From: Kenneth Whistler (email@example.com)
Date: Fri Apr 01 2005 - 00:09:05 CST
> Since the character has been part of Unicode since version 1.0, it
> seems likely that the name was simply carried over from an
> earlier standard, perhaps the ISCII standard.
Confirming what James has surmised, U+0B83 was named
TAMIL SIGN VISARGA in Unicode 1.0, based on the positional
assignment of this character to 0xA3 "Vowel-modifier VISARG"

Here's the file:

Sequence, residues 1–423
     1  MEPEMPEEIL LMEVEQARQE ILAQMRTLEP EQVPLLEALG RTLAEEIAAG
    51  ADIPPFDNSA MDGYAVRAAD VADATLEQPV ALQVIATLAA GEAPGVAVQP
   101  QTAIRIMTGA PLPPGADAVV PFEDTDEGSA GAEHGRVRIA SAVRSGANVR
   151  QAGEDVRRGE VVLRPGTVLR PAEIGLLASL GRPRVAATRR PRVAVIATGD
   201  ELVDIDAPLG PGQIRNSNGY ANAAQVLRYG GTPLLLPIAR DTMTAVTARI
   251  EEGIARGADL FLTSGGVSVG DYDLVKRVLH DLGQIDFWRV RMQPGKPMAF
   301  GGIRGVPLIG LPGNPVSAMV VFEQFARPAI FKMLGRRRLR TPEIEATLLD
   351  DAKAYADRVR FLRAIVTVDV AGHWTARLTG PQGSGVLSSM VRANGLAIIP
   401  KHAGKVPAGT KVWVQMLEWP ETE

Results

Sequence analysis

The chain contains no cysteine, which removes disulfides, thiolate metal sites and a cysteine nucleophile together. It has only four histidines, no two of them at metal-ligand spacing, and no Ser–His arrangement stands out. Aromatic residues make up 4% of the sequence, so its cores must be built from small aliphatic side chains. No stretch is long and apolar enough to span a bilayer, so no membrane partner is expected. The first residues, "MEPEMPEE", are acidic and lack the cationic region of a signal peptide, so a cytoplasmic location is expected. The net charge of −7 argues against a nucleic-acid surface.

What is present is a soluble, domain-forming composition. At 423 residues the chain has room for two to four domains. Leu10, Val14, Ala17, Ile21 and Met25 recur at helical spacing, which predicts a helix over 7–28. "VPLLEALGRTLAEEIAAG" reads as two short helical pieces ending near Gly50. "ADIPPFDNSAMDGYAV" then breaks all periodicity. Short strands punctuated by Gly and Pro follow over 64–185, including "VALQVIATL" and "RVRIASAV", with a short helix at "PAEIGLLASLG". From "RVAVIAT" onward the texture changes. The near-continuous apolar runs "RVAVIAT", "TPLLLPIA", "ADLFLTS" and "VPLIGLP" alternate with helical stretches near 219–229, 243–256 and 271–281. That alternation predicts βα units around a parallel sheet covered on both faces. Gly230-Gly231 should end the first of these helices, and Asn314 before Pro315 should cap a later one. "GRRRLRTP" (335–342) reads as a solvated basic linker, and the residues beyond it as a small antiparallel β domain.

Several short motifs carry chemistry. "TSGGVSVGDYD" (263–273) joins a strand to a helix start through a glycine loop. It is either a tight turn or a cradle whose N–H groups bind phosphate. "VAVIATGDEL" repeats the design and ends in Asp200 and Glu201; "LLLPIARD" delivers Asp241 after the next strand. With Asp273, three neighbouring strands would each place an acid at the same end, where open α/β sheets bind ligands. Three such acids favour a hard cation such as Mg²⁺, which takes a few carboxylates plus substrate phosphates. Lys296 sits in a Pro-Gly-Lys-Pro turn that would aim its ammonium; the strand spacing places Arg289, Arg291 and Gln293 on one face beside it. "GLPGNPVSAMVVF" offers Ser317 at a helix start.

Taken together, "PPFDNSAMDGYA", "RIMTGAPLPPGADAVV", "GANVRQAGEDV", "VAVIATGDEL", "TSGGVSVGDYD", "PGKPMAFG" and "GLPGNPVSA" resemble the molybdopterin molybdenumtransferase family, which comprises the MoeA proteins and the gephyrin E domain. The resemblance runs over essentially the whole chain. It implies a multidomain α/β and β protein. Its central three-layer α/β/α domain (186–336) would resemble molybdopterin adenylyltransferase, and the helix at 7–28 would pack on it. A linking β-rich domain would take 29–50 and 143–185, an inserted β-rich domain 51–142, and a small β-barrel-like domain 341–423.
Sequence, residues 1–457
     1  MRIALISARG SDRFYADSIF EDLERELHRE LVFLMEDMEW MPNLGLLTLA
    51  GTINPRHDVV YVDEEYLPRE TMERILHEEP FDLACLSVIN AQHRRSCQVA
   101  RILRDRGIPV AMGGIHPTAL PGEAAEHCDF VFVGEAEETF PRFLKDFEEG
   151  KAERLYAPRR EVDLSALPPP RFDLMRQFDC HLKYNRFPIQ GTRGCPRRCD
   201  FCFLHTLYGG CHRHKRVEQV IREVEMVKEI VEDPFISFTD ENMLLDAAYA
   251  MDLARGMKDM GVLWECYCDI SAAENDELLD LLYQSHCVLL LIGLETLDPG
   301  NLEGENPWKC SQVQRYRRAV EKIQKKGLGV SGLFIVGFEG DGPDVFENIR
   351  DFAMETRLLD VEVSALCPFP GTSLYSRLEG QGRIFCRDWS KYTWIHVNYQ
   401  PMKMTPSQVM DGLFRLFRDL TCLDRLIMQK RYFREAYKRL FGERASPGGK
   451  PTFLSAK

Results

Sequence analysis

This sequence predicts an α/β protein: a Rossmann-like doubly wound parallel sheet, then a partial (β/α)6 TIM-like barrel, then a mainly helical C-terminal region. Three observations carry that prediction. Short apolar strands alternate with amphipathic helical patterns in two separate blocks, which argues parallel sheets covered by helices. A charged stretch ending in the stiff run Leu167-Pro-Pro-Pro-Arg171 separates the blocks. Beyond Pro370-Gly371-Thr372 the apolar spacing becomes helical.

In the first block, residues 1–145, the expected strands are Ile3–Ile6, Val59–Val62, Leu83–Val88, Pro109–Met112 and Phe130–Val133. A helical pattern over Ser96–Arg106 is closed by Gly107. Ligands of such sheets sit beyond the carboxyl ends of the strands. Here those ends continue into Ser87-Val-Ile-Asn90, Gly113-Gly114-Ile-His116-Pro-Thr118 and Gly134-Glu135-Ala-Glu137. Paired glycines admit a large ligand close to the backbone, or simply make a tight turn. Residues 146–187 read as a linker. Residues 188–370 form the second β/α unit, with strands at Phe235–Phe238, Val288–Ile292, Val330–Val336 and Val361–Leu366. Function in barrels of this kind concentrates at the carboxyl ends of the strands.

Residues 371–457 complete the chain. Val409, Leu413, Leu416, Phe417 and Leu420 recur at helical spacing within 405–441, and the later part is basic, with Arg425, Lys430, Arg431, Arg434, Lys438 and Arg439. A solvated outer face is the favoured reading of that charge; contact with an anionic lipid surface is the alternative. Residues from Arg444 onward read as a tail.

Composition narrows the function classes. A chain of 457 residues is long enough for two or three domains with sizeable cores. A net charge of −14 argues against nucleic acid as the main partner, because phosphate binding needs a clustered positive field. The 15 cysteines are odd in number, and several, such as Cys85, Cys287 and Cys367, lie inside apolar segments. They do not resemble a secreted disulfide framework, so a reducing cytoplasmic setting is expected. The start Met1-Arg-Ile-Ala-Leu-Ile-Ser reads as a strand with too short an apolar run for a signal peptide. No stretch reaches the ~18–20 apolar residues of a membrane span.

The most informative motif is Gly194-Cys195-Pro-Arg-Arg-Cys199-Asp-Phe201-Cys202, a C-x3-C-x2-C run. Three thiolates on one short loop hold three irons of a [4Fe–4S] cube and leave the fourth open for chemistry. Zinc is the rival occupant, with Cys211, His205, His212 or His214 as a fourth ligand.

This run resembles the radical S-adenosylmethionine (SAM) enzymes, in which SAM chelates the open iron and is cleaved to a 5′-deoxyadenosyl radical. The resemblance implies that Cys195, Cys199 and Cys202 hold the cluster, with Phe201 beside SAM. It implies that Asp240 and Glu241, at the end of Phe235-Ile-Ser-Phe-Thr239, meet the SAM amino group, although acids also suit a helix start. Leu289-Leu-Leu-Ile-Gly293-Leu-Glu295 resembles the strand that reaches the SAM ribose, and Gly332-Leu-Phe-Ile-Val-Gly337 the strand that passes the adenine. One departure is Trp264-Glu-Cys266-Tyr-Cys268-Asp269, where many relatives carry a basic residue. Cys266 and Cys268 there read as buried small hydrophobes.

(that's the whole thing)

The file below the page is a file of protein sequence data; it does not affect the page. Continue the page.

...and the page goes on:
in ISCII 1988.
In Unicode 1.0 it was *correctly* shown as not being
a combining character.
In Unicode 2.0, based on the chart in Annex - A, Indian
Script Alphabet Correspondence in IS 13194:1991 (ISCII 1991),
it was "corrected" -- incorrectly -- to being a combining
character in Unicode 2.0.
And hence began the sorry tale of misimplementations, which
then later had to be corrected, when U+0B83 was identified
as aytham, a non-combining letter in Tamil.
Now those mistakes have been identified. The data files
have long been corrected and the code charts are annotated
and show a proper glyph.
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